The 2021 local government elections signals widespread disillusionment with representative democracy that only a sea change in service delivery can fix.
Turnout was low. But not equally so across the board. Patterns show it was not a statement by all voters – it was a message from ANC supporters.
The rise in political parties and the explosion in the number of independents means that it’s no longer simply a race among the three major parties.
President Tshisekedi’s government no longer has the excuse that it’s being hampered by the dead hand of his predecessor Joseph Kabila’s cabal.
The right to free and fair elections may be undermined if political parties cannot campaign due to COVID-19 restrictions by the state.
Zambia’s new president will have to balance austerity and the high expectations of the many unemployed young people and struggling people who voted for him.
It’s not convincing to argue that the political parties would not be able to campaign as they have done in the past.
Frustration is growing among opposition supporters who believe the last election was stolen.
There is more support for democracy among African people than is often recognised. Yet this can be undermined by election rigging and is lower in countries like Lesotho, Mozambique and South Africa.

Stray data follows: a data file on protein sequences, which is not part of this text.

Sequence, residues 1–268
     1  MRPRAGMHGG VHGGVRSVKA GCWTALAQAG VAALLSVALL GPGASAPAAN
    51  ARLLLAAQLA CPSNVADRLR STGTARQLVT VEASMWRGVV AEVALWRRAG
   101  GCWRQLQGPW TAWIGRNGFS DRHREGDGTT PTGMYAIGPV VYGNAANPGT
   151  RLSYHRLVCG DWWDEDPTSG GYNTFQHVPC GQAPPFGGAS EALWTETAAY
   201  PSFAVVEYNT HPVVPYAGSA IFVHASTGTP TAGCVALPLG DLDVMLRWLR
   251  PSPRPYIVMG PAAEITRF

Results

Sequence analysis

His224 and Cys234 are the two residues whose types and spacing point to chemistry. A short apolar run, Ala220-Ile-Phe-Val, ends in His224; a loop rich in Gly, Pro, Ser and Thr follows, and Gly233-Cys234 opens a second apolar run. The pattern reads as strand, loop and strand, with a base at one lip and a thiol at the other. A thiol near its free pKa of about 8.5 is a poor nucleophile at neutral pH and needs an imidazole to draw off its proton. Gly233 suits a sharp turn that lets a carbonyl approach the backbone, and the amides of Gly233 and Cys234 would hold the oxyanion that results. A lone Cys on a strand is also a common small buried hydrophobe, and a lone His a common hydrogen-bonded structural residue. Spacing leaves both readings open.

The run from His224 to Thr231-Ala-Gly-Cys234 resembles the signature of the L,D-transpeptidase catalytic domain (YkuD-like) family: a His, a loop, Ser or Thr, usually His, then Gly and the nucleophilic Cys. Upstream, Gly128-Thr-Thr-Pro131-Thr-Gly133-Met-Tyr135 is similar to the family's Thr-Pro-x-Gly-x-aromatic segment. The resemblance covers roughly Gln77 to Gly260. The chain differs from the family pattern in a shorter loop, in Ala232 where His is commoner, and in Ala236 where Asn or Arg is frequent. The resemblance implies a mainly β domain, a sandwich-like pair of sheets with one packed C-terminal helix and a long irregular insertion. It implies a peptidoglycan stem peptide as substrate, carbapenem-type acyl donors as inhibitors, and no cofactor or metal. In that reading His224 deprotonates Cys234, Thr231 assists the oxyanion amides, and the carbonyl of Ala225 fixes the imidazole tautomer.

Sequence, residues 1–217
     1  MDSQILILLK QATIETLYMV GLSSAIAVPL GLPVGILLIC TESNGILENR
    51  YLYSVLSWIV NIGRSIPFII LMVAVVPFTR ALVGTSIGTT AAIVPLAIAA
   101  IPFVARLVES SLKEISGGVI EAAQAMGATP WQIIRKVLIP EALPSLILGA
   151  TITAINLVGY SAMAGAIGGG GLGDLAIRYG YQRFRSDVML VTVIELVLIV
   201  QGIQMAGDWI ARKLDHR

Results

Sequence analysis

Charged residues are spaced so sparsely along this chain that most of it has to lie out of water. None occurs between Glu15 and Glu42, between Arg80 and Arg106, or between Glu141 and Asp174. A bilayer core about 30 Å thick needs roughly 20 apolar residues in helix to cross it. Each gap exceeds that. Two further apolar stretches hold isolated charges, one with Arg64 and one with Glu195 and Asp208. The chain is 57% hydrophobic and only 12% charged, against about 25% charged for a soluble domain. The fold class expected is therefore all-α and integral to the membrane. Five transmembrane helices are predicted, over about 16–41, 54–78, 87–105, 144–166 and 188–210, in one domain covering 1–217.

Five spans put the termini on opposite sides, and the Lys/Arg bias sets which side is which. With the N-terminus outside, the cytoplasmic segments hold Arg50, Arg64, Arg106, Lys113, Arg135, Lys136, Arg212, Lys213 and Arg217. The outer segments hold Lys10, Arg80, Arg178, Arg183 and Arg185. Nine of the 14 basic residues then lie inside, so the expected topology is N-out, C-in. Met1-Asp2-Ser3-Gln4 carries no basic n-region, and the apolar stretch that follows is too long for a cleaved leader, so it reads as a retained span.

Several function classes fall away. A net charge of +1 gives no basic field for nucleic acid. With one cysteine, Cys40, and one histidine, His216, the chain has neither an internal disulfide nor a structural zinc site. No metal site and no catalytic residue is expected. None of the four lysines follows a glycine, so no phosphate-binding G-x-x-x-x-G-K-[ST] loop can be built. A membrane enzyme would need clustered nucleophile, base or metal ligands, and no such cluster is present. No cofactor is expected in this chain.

Angola needs a mixed electoral system. This would promote accountability through the direct election of representatives from constituencies.
Concerns about socioeconomic well-being were the main reason why people voted for a certain political party.
A new government with popular legitimacy will have power to address lingering political, economic and security challenges.
The recent spate of military takeovers, most recently in Chad, highlights a developing trend by armed forces in Africa which overtly subvert constitutional governance.
The international community is opposed to Farmaajo’s term extension because of fears that it’s a power grab consistent with political trends elsewhere in the region.
When he grabbed power in 1990, Déby promised to create a democratic society, but he turned out to be a ruthless authoritarian whose main agenda was to remain in office.
Although polarising, parliament’s move to extend Farmaajo’s term has presented a practical road-map to hold direct elections for the first time since 1969.
He came into office with a reputation for making broken systems work, but as he began his second presidential term John Magufuli became known as a ruthless and ambitious authoritarian.
The legitimacy of SWAPO, the former liberation movement that has governed since 1990, has been eroded amid growing corruption and a deepening economic crisis.
Ethiopia’s party system is extremely volatile due to the prevalence of weakly institutionalised and fragmented political parties.
Although Niger’s quest for entrenching democracy is a good development, poverty and insecurity are obstacles.